Today, the center is back with a consolation prize, and there is substantial consolation in the plan, even if it doesn’t come close to solving the center’s architectural and urban design woes. Holl is a major architect with a record of designing elegant and harmonious additions to cultural facilities. Holl’s success in 2007 with a major expansion to the Nelson-Atkins Museum of Art in Kansas City, Mo., bodes well for his ability to integrate new facilities into the Kennedy Center campus.
The plans announced Tuesday are preliminary. Rather than a single, large addition— which might compete with the visual impact of the existing building — Holl proposed a set of three pavilion structures to be connected underground or by pathways and built on what is underused space south of the center.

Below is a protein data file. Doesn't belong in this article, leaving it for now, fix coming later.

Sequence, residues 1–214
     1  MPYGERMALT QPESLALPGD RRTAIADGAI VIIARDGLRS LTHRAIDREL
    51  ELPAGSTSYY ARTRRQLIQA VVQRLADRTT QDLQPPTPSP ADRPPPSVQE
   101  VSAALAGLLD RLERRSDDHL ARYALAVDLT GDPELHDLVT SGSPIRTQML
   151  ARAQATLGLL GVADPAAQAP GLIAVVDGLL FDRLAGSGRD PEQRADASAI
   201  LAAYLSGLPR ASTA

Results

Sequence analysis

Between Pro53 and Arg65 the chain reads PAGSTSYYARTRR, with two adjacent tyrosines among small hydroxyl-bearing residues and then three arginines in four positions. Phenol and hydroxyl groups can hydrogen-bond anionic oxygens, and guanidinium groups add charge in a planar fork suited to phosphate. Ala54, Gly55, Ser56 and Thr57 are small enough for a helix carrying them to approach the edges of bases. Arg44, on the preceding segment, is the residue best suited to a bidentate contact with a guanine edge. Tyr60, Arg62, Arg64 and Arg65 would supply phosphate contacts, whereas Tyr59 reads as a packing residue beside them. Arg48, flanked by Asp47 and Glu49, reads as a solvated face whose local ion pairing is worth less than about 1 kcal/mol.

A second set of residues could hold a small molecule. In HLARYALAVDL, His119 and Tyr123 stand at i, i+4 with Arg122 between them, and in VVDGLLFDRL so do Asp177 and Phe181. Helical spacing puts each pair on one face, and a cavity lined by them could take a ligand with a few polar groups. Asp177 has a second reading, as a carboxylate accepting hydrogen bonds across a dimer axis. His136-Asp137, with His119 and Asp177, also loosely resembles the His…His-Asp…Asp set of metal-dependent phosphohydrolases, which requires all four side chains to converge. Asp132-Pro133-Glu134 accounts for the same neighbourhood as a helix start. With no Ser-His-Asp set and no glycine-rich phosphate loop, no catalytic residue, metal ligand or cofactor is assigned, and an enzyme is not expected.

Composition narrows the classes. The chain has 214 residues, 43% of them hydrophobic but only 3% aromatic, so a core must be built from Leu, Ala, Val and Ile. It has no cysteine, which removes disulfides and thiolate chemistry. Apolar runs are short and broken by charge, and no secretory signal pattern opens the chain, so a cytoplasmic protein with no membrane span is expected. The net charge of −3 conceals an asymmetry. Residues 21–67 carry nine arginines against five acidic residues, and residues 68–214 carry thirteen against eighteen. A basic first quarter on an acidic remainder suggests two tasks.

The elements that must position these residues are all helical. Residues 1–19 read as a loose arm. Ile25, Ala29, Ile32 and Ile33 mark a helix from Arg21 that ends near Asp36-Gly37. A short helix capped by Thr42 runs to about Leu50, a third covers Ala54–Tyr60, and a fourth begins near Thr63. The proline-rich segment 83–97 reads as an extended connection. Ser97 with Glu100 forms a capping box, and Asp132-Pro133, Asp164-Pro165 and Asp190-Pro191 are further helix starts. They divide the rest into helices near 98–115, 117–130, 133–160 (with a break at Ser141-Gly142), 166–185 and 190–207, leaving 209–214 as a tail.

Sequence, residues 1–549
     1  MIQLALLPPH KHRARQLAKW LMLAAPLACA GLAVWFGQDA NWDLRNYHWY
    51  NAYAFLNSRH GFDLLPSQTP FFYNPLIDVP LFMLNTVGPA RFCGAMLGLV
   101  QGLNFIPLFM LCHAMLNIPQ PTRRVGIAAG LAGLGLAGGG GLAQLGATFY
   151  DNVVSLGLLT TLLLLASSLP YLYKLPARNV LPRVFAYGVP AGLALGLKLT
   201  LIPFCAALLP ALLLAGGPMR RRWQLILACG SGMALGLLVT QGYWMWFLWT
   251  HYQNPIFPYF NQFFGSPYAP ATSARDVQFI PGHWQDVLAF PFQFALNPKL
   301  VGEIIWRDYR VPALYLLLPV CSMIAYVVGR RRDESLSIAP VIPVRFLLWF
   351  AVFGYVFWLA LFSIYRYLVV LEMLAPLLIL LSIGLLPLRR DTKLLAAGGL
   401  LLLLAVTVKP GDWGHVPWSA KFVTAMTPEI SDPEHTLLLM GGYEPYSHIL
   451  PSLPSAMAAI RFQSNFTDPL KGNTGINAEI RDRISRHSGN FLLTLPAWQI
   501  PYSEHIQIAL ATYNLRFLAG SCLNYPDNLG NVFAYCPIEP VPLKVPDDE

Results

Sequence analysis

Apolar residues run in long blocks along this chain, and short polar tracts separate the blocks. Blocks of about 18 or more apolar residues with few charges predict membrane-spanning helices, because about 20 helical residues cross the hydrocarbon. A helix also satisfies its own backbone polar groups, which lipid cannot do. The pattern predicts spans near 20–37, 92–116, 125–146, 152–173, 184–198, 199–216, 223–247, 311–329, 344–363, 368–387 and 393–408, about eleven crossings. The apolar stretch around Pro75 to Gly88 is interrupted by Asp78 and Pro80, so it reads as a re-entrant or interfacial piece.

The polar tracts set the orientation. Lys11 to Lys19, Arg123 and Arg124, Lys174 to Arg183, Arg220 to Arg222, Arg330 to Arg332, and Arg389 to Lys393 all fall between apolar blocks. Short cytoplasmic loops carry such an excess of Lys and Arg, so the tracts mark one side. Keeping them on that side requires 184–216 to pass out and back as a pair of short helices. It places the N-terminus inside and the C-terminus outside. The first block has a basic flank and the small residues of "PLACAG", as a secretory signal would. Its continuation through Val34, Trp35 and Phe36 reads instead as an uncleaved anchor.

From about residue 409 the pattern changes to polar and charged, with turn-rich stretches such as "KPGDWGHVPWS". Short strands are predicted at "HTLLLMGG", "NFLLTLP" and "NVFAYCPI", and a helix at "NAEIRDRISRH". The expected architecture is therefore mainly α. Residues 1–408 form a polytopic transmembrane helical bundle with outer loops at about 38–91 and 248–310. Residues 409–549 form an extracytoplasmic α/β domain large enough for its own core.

One pavilion would float on the Potomac and might be used for outdoor performances. Another, dubbed the “glissando” pavilion, would include rehearsal space for the Washington National Opera, which is forced to rehearse in a facility in Takoma Park when it doesn’t have access to the Kennedy Center Opera House stage. One wall of the glissando structure — so named because its curvaceous form suggests a visual analogy to the rapid swoosh of tones that is a familiar trick of the harp or piano — would be used as an outdoor projection screen, possibly allowing for live simulcasts to al fresco audiences. A third pavilion is conceived as an entry structure, providing access for visitors arriving by bus.